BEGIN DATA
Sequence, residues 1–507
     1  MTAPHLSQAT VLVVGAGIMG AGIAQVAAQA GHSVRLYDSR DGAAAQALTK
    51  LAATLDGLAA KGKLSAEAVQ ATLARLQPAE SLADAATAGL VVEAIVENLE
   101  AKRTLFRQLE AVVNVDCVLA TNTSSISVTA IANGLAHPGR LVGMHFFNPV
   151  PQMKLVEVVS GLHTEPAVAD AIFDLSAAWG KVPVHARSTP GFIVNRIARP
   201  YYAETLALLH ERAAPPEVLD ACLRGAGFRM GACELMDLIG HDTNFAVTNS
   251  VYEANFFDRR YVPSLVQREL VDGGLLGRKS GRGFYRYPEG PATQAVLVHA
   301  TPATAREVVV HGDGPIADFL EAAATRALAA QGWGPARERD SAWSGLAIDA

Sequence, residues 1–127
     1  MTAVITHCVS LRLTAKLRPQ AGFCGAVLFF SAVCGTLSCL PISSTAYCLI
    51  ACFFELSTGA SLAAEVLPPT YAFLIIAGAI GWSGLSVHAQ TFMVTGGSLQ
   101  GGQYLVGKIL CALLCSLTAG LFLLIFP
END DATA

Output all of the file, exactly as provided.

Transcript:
Sequence, residues 1–507
     1  MTAPHLSQAT VLVVGAGIMG AGIAQVAAQA GHSVRLYDSR DGAAAQALTK
    51  LAATLDGLAA KGKLSAEAVQ ATLARLQPAE SLADAATAGL VVEAIVENLE
   101  AKRTLFRQLE AVVNVDCVLA TNTSSISVTA IANGLAHPGR LVGMHFFNPV
   151  PQMKLVEVVS GLHTEPAVAD AIFDLSAAWG KVPVHARSTP GFIVNRIARP
   201  YYAETLALLH ERAAPPEVLD ACLRGAGFRM GACELMDLIG HDTNFAVTNS
   251  VYEANFFDRR YVPSLVQREL VDGGLLGRKS GRGFYRYPEG PATQAVLVHA
   301  TPATAREVVV HGDGPIADFL EAAATRALAA QGWGPARERD SAWSGLAIDA

Sequence, residues 1–127
     1  MTAVITHCVS LRLTAKLRPQ AGFCGAVLFF SAVCGTLSCL PISSTAYCLI
    51  ACFFELSTGA SLAAEVLPPT YAFLIIAGAI GWSGLSVHAQ TFMVTGGSLQ
   101  GGQYLVGKIL CALLCSLTAG LFLLIFP